• ‘In these studies, the duplications are produced by transformation of the cloned DNA and its insertion into ectopic chromosomal locations.’
      • ‘In situ hybridization to polytene chromosomes confirmed that each insertion was in a typical euchromatic, banded region.’
      • ‘Conceivably, the disruption of intrinsic chromatin states by alien DNA insertion could affect genomic stability in myriad ways.’
  • 2An amendment or addition inserted in a text.

    • ‘Little Domesday is a less magnificent affair, scrawled over about 900 pages of parchment by a variety of scribes, and peppered with corrections, deletions and insertions.’
    • ‘The only snag is that, unlike sheets of paper covered with scribble, you tend to lose the process history of a poem when you work at a computer, all the scratchings out, insertions and additions.’
    • ‘The first, Kedrenos A, appears as an insertion in the text after a description of the death of Theodosios I in 395.’
    • ‘Transcriptions from Newton's manuscripts represent deletions as strike-outs and insertions are enclosed within angle brackets.’
    • ‘Editorial insertions of stereotypes and fabrications into a Times reporter's copy extended at least into the 1980s.’
    • ‘At times, these insertions disrupt the book's flow.’
    1. 2.1 Each appearance of an advertisement in a newspaper or periodical.
      • ‘There were 392 insertions in over 450 newspapers.’
      • ‘Even so, at the end of the first quarter of this year, TLC placed 19th out of the top 20 cable networks ranked by local ad insertions.’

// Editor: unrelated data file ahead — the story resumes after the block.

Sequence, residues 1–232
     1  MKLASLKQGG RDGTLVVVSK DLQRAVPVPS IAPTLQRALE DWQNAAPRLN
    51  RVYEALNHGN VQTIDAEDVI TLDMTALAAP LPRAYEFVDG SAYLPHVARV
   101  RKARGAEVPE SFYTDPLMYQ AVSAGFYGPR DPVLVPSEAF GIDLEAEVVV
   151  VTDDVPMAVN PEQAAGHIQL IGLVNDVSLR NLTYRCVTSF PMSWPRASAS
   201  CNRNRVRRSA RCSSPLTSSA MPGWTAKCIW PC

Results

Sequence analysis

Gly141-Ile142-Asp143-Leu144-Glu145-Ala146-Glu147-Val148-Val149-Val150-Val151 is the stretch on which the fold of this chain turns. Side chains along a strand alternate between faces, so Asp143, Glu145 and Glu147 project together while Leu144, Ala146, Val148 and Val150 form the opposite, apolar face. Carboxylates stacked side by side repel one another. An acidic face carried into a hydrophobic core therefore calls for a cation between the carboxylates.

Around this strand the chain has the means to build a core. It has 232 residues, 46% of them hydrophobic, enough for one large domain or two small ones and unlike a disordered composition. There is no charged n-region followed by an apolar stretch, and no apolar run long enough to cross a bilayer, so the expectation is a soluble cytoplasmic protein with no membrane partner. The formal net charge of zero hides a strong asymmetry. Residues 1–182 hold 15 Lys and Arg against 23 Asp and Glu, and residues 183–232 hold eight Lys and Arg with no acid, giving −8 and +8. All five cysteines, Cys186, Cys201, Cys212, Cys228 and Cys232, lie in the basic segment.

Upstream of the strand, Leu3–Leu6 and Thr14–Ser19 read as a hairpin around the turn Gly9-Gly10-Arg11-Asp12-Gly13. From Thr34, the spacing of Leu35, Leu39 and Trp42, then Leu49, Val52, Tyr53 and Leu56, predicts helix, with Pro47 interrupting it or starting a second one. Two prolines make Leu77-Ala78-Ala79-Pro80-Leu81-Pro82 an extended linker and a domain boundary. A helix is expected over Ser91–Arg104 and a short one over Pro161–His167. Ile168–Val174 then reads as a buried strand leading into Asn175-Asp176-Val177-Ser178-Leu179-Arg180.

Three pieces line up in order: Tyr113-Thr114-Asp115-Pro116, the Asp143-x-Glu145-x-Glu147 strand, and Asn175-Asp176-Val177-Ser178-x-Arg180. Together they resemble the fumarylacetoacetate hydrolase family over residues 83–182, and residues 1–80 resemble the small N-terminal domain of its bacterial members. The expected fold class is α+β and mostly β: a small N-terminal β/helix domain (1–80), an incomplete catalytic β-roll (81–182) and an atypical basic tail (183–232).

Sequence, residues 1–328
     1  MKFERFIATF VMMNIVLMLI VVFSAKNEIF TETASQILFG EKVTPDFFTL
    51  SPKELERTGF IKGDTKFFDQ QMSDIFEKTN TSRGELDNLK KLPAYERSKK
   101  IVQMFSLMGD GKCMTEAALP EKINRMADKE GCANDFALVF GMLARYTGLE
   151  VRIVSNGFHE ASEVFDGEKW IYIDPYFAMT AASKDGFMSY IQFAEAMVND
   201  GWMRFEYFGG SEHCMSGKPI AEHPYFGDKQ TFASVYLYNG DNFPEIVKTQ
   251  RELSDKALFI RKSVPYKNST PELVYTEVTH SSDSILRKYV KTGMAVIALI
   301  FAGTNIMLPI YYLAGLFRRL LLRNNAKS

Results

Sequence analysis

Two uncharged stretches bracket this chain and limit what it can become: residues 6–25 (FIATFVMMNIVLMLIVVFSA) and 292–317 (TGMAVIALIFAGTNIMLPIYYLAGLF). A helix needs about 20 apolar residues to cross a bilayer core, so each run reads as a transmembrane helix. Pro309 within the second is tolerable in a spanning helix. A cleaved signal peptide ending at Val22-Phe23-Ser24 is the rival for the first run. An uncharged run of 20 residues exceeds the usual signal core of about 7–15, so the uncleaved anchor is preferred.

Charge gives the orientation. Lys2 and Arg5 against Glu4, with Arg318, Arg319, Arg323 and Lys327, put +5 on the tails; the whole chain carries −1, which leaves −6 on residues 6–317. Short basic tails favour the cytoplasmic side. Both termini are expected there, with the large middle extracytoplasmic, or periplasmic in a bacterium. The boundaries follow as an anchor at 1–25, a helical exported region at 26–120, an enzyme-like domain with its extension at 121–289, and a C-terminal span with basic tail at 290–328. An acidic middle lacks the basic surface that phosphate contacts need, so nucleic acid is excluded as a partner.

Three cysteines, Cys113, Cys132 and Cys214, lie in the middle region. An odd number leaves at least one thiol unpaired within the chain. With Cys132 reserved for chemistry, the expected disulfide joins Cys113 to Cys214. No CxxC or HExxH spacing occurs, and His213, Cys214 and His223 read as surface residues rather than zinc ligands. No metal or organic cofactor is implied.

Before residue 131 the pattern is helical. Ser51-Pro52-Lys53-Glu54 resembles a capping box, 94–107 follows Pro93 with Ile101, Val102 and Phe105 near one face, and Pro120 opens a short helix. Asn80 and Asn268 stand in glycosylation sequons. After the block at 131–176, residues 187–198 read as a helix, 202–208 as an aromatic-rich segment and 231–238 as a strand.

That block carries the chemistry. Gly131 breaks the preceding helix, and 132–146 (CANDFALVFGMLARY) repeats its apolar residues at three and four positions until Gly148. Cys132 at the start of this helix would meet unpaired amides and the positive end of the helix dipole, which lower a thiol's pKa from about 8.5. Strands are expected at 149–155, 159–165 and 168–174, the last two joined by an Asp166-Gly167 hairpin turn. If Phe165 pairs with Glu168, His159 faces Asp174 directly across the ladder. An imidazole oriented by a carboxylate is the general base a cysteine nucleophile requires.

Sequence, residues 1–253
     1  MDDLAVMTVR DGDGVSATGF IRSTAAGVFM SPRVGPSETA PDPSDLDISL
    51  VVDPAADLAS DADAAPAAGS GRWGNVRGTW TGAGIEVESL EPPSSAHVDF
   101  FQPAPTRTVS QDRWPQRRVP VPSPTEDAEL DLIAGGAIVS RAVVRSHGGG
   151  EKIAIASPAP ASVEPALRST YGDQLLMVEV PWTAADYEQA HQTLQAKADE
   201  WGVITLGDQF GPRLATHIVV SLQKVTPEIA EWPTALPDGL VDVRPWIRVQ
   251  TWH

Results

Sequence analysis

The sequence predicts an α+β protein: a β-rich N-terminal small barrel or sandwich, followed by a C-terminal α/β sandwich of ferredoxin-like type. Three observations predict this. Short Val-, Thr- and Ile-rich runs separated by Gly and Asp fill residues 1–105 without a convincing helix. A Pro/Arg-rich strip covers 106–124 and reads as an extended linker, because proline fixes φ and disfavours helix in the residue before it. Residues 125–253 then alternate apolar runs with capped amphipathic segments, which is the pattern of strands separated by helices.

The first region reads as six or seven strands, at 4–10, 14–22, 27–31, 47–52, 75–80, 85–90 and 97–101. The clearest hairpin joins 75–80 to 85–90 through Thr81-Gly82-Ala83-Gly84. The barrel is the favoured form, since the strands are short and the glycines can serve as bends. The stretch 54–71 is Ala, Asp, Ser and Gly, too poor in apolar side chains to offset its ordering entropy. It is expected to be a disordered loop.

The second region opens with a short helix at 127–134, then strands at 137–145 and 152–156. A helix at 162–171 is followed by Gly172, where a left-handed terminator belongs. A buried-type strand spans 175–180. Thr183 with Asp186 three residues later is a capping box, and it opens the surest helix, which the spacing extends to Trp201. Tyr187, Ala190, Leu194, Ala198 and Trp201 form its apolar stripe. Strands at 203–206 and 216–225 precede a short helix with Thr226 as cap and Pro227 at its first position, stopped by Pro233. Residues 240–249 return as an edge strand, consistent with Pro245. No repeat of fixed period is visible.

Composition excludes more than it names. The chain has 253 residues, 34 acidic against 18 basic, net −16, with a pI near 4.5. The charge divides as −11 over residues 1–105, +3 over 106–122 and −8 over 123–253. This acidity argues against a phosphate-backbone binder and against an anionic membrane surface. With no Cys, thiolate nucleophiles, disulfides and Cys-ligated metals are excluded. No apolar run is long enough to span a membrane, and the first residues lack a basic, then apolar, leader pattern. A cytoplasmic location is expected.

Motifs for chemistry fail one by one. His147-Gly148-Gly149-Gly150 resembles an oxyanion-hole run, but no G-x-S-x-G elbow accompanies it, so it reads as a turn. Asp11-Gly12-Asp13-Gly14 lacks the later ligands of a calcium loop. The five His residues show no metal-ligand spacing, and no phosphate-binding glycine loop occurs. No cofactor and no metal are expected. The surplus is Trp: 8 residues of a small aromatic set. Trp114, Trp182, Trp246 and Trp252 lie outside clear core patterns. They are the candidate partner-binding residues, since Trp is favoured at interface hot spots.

• ‘In addition to cross-channel promotions, ad insertions and mailings will be utilized to lure potential customers.’
      • ‘‘This could be one of the reasons why people are getting more interested in local ad insertions, because there is a standard,’ King theorized.’
      • ‘It has tactically placed more than 150 advertising insertions from January to June promoting the strapline, ‘Connects you to the world’.’
    2. 2.2 An ornamental section of cloth or needlework inserted into the plain material of a garment.
      • ‘This pretty lace insertion would be wonderful added to a summer garment.’
  • 3Anatomy Zoology
    The manner or place of attachment of an organ.

    ‘close to the point of leaf insertion’
    • ‘The surgeon places two clips distal to the intended line of division and one on the cystic duct approximately 5 mm from its insertion into the common bile ducts.’
    • ‘The stiff peduncle, in turn, functions as a rigid base for the flexible insertion of the caudal fin.’
    • ‘The fin's origin is relatively far behind the pelvic fin insertion.’
    • ‘The first design trend we examine here is in the orientation of the pectoral fin base, defined externally as the angle of inclination of the insertion of the pectoral fin on the body.’
    • ‘It is due to a low insertion of the tricuspid valve which divides the right ventricle into proximal and distal chambers.’
    1. 3.1 The manner or place of attachment of a muscle to the part that it moves.
      ‘the names of the muscles and their insertions on the eyeball’
      • ‘The preferred site of administration is the skin over the deltoid muscle insertion or over the triceps muscle.’
      • ‘The genioglossus muscles take origin from the middle of the back of the lower jaw and have a fan-like insertion into each side of the midline of the tongue.’
      • ‘The muscle is detached from its insertion at the greater tubercle of the humerus, leaving its blood supply to the thoracoacromial artery and internal mammary artery.’
      • ‘Some patients may present with tendinopathy at the insertion of the Achilles tendon on the calcaneus.’
      • ‘This method requires the reconstruction of the origins and insertions of the masticatory musculature.’


Mid 16th century (in insertion (sense 2)): from late Latin insertio(n-), from Latin inserere (see insert).